Marketing Eras


  • Production Era:  Prior to 1925, most firms operating in highly developed economies focused narrowly on production. Manufacturers stressed production of quality products and then looked for people to purchase them.  The production era did not reach its peak until the early part of 20th century.
  • Sales Era: Manufacturers began to increase their emphasis on effective sales forces to find customers for their output. Firms attempted to match their output to the potential number of customers who would want it. Companies with a sales orientation assume that customers will resist purchasing products and services not deemed essential and that the task of personal selling and advertising is to convince them to buy. Although marketing departments began to emerge from shadows of production, finance, and engineering during the sales era, marketing dominated sales and other areas. Selling is thus a component of marketing.
  • Marketing: Personal incomes and consumer demand for products and services dropped rapidly thrusting marketing into a more important role. Organizational survival dictated that managers pay close attention to the markets for their goods and services. The trend ended with the outbreak of World War 11, when rationing and shortages of consumer goods became commonplace. The war years created only a pause in an emerging trend in business: a shift in the focus from products and sales to satisfying customer needs.
  • Relationship: It emerged during the 90s. Organizations carried the marketing era’s customer orientation one step further by focusing on establishing and maintaining relationships. This effort represented a major shift from the traditional concept of marketing as a simple exchange between buyer and seller. Relationship marketing by contrast, involves long-term, value-added relationships developed over time, strategic alliances and partnerships retailers play major roles in relationship marketing.

My Consultancy–Asif J. Mir – Management Consultant–transforms organizations where people have the freedom to be creative, a place that brings out the best in everybody–an open, fair place where people have a sense that what they do matters. For details please visit www.asifjmir.com, and my Lectures.

Pure Competition


The term competition is used ambiguously not only in ordinary conversation but in economic literature as well. Its common meaning is rivalry, but in economics when used along with the word pure, it carries a different meaning. Following are necessary conditions for pure competition:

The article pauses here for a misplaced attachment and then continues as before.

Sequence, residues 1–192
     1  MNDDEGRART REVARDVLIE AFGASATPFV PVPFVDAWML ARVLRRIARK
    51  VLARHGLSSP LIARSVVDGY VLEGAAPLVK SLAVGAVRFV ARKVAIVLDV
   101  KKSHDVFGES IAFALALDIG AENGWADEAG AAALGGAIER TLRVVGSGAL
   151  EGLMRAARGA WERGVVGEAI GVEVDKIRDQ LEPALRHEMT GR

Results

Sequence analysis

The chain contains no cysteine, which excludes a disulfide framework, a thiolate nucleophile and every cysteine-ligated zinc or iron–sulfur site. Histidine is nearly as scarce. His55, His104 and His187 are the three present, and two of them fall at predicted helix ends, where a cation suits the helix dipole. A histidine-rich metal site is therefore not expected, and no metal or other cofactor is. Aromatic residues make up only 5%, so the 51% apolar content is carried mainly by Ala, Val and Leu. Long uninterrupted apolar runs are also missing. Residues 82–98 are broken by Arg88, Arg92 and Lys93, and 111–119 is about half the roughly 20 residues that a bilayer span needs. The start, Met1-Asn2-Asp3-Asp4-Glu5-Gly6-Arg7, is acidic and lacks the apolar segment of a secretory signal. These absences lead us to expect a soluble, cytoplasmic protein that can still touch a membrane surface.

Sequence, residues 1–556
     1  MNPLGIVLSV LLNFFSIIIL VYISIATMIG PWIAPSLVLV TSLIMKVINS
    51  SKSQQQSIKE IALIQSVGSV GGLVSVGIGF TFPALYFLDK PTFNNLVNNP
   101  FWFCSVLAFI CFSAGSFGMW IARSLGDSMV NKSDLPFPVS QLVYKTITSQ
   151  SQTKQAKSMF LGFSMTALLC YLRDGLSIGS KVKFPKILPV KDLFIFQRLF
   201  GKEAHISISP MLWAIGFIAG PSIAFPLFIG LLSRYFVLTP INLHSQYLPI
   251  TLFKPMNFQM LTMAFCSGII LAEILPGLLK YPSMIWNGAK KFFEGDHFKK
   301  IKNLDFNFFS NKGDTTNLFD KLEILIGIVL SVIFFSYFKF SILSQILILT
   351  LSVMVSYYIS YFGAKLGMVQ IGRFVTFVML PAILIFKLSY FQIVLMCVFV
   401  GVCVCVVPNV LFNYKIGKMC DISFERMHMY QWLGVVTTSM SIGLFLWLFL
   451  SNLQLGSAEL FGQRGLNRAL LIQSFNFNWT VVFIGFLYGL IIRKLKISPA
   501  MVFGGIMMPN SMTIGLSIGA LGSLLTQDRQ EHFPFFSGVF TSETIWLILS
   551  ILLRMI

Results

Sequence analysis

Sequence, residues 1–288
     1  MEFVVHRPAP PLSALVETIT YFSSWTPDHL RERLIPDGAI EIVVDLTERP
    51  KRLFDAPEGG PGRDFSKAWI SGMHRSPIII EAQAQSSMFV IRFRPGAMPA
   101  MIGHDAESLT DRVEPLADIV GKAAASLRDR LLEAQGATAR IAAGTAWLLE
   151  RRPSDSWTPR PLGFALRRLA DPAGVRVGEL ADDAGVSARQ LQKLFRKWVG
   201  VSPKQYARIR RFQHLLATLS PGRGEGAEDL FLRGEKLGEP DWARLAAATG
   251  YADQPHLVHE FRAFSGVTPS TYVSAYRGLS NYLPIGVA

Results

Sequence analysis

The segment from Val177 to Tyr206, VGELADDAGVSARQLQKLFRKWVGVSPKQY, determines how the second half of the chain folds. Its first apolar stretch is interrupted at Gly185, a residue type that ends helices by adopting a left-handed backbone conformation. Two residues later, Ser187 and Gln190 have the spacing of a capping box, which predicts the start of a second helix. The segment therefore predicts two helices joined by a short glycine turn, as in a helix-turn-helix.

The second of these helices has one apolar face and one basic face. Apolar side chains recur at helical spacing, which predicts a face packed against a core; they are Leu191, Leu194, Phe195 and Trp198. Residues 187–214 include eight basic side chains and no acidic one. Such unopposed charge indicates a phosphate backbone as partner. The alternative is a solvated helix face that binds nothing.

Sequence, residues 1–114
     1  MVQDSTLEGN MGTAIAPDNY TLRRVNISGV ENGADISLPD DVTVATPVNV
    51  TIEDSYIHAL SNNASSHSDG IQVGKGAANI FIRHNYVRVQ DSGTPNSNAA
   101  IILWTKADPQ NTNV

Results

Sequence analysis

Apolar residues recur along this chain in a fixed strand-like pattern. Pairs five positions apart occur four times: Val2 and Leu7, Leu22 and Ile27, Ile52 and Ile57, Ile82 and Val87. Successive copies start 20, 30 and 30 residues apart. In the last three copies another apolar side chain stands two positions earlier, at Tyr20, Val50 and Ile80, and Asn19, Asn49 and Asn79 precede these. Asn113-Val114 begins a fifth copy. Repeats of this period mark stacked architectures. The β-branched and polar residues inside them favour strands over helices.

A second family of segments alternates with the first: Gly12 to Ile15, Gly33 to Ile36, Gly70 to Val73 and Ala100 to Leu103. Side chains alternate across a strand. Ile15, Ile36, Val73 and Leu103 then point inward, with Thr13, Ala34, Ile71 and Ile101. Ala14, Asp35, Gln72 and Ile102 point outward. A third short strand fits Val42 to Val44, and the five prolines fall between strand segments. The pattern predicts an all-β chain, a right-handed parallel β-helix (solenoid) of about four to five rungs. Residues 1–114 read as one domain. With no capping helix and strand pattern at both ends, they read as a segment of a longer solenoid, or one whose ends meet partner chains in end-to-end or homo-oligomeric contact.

1. Homogeneity of the product: For competition to exist in a market all sellers of the product being exchanged sell homogeneous units of the product, or at least the buyers of that product believe that this is so.
  2. Smallness of each buyer or seller relative to the market: Each buyer and each seller of the product under consideration is too small in relation to the entire market for the product to influence significantly the price of the product that is being bought or sold.
  3. Absence of artificial restraints: There are no artificial restrictions on the demands for, the supplies of, and the prices of whatever is being exchanged. No government price fixing nor any institutional fixing or administering of price by producers’ associations, labor unions, or other private agencies. There is no supply restriction enforced by the government or by organized producer groups. Control of demand through governmental rationing is nonexistent.
  4. Mobility: There is mobility of goods and services of resources in the economy. New firms are free to enter any desired industry, and resources are free to move among alternative uses to those where they desire employment. Sellers are able to dispose of their goods and services where the price is highest. Resources are able to secure employment in their highest paid uses.

My Consultancy–Asif J. Mir – Management Consultant–transforms organizations where people have the freedom to be creative, a place that brings out the best in everybody–an open, fair place where people have a sense that what they do matters. For details please visit www.asifjmir.com, and my Lectures.